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Bharati Braille Quiz
(Akshara to Dots-Kannada)

Welcome to the Braille quiz. This quiz is aimed at checking your understanding of the cell assignments for different characters. We have assumed that you have gone through the tutorial pages discussing the principles of standard Braille applicable to English. There is also a reverse quiz in which a given dot pattern will have to be identified as a specific letter or a text string.

In this quiz, you will be asked to mark the dots for the character that will be presented to you. This character will be one of 63 different strings which include the letters of the alphabet, punctuation and frequently used letter combinations. By "string" we mean the text representation corresponding to a braille cell. Reference to the text strings is given in the tutorial mentioned above.

The Braille Cell with six dots will be shown as checkboxes and you can use your mouse to check a box. A checked box may also be unchecked. When you submit your answer, a results page will be displayed indicating the correctness of your answer. Another character will also be presented. The characters are chosen at random and will not appear in any predictable order. It is possible that you might see a character repeated occasionally.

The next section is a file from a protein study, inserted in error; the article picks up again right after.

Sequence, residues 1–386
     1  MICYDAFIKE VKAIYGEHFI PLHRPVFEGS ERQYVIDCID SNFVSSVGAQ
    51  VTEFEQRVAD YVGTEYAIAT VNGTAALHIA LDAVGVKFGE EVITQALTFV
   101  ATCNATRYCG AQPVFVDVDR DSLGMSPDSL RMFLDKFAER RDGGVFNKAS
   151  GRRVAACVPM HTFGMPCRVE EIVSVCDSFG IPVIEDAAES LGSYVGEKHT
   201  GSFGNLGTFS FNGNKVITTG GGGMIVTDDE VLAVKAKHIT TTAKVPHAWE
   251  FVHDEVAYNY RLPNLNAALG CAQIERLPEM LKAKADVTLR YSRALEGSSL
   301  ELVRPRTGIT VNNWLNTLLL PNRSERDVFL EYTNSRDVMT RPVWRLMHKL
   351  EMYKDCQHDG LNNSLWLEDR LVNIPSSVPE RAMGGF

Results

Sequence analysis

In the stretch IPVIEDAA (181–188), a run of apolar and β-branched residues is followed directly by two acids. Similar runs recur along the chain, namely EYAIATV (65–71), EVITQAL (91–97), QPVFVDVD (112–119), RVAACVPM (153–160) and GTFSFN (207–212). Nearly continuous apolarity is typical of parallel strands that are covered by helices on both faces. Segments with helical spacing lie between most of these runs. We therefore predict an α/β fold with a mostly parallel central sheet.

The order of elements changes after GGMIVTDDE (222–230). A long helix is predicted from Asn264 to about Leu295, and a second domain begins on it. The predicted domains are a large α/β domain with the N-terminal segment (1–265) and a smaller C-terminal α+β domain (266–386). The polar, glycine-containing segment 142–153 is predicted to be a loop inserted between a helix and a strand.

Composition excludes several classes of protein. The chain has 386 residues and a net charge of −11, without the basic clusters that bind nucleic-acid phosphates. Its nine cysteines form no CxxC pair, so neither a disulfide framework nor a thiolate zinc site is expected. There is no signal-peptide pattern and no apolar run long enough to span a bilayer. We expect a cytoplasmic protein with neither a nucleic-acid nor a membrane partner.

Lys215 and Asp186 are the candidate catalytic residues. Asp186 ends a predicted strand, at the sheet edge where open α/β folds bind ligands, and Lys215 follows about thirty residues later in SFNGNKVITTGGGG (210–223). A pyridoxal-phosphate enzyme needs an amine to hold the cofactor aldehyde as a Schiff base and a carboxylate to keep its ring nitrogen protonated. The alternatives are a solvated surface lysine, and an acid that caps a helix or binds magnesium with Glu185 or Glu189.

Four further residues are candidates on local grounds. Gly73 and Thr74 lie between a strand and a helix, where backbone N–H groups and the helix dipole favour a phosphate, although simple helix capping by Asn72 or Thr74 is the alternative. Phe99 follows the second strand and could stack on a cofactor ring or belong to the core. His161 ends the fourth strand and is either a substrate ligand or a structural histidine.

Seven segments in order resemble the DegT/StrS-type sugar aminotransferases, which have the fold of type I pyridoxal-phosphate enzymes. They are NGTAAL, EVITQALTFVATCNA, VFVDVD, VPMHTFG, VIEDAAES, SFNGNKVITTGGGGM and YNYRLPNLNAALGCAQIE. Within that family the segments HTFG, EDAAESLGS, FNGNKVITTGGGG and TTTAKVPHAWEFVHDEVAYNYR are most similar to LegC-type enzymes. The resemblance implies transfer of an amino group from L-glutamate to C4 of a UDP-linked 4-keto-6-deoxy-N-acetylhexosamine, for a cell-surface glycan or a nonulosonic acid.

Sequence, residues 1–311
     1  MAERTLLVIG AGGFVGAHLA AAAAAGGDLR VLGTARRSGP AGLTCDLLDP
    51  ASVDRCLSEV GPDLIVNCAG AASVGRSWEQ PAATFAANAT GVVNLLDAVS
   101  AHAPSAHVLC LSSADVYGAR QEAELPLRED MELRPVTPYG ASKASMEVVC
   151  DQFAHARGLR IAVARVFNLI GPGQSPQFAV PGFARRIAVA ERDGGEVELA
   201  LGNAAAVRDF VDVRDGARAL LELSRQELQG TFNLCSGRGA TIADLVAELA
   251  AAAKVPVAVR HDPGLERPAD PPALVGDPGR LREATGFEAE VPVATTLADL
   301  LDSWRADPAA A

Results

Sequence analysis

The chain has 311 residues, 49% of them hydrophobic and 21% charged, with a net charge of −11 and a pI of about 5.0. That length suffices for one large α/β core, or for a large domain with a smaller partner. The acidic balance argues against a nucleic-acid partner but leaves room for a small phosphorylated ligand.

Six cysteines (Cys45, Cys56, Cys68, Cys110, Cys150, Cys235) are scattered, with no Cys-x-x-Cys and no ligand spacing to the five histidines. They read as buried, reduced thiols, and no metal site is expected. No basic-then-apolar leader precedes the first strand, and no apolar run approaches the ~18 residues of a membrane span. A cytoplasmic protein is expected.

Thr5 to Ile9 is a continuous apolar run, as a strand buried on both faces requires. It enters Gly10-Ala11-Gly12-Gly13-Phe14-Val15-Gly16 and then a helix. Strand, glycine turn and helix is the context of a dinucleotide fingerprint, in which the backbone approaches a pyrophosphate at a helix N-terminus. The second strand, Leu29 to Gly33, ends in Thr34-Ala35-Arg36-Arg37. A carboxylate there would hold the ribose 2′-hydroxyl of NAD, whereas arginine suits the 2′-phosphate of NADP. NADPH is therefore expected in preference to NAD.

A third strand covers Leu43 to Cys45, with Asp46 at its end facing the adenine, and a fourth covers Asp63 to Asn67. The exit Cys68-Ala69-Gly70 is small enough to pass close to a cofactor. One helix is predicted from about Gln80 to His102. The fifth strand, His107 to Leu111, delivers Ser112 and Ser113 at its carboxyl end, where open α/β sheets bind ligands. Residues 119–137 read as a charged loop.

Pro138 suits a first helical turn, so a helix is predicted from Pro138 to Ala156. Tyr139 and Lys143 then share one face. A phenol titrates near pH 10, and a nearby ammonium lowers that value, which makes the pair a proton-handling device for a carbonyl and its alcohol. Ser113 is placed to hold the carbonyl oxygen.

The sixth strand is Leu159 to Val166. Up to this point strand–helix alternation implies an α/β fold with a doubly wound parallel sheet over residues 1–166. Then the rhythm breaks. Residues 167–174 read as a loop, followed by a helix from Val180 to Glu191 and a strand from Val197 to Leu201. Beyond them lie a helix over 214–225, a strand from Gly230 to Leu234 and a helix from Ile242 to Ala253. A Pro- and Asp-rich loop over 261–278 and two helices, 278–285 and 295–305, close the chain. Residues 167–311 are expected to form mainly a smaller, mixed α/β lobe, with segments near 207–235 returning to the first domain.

Given below is an input facility to specify a Braille Cell, i.e., mark one or more dots within the six dot cell. The cell is displayed using six checkboxes arranged in three rows of two boxes each. The mouse can be used to check a box. The TAB key on the keyboard may also be used to locate a box and the checking done with the space bar.

See if you can identify the dots corresponding to the akshara shown above. Checking a box is equivalent to marking a dot. You can uncheck a checked box as well and so correct errors in checking the boxes. Please note that many cells (Braille codes specified in terms of dots) stand for not just one akshara but also a punctuation symbol.



Bharati Braille was proposed as early as 1951. At that time, the possibility of linking the cells to phonetic sounds was considered and there were different opinions on the ordering of the cells in line with the Aksharas of the Indian languages.

Ultimately, the scheme based on the assignments in English Braille was accepted. Since there are as many as 55-60 Aksharas to be dealt with, strict adherence to the English Braille codes is ruled out.

Yet, an effective compromise has been achieved by assigning the aksharas to cells on the basis of the transliterated forms of the Aksharas. Consequently, it will not be easy to think of cell assignments in terms of the seven groups (lines) discussed in the tutorial. Learning Bharati Braille requires one to remember individual cell assignments for many Aksharas.

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